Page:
I’m continuing my series of posts providing an overview of appeals and diving into specifics on particular appellate topics. Last week, I previously provided an overview of appeals in general and described in particular how they differ from trials. I gave a general overview of the appellate process in Virginia state courts. In this post, I’d like to discuss appealing a criminal conviction in Virginia, and in particular, the kinds of error that can be challenged on appellate review.
Everyone knows that court action begins with a trial, or, at least, the threat of one. A trial litigates both factual and legal issues like, “Was the light green?” or “Was the police officer’s search unconstitutional?” Thus, the purpose of a trial is (1) to determine what happened and (2) to determine if what happened makes a defendant liable for damages or subject to some other kind of court remedy, like an injunction. A civil trial might end in an award of monetary damages, or even an order to stop certain behavior, and a court judgment embodying those remedies. A criminal trial, likewise, could end with large fines, jail time, and an adjudication of guilt that can negatively impact employment prospects and even negatively impact certain civil rights, like the ability to vote and possess a firearm.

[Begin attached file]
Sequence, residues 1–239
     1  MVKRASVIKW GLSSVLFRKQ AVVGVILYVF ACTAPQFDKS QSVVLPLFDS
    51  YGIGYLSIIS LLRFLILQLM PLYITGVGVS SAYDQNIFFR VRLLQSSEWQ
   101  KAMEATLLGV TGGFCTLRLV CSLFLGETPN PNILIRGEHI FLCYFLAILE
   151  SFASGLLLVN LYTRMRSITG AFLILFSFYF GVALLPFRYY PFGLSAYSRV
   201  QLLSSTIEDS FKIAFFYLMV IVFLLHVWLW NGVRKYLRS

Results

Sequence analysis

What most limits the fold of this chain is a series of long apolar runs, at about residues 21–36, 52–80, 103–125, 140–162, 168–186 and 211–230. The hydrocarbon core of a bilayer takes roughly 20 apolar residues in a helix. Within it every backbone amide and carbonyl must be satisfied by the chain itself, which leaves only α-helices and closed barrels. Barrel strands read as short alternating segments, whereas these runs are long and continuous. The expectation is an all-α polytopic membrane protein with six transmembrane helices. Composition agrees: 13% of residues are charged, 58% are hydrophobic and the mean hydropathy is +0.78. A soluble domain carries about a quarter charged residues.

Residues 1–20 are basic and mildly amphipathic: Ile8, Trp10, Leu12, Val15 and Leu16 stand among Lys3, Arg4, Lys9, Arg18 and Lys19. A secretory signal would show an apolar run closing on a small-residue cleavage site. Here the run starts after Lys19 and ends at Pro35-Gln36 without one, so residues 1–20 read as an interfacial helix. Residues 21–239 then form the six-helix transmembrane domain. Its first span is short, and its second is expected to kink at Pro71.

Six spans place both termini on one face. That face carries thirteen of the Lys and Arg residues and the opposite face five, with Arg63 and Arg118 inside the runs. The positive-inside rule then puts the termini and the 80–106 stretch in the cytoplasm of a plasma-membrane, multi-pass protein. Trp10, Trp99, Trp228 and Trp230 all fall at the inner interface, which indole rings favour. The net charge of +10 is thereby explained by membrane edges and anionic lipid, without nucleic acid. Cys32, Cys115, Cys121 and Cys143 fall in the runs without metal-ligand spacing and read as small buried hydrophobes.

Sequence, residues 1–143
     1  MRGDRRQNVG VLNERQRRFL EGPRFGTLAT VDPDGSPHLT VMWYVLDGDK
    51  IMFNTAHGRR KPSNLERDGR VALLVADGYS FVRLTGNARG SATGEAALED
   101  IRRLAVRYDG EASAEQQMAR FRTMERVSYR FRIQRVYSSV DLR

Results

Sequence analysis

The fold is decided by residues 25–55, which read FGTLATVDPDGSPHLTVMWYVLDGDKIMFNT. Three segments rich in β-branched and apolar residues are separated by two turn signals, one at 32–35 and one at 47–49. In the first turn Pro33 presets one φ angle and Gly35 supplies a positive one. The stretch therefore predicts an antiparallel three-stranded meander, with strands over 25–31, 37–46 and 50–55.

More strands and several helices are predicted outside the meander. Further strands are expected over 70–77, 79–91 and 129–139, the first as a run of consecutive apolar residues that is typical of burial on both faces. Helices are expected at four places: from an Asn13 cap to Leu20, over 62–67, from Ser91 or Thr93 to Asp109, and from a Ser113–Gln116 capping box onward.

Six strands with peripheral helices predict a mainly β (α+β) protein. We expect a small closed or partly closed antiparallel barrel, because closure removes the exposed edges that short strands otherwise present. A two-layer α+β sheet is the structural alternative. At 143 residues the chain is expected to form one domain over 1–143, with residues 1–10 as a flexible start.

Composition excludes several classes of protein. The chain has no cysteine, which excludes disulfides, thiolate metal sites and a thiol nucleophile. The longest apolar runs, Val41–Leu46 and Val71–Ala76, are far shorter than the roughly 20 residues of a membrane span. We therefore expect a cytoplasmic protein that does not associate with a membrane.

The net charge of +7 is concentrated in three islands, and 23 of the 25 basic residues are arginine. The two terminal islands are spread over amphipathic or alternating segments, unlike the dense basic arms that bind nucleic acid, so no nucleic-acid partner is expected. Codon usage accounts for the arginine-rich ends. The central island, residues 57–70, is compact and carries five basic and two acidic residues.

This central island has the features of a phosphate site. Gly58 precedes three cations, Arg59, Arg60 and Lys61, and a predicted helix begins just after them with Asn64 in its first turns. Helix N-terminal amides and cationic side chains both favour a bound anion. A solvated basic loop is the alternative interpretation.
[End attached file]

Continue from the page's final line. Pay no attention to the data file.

What is a person to do in the face of such consequences? Appeal.
In my last post, I explained the difference between a trial and an appeal and highlighted the manner in which an appellate court rules on issues before it. In this post, I’d like to focus in more on the specific process for appealing a verdict in Virginia.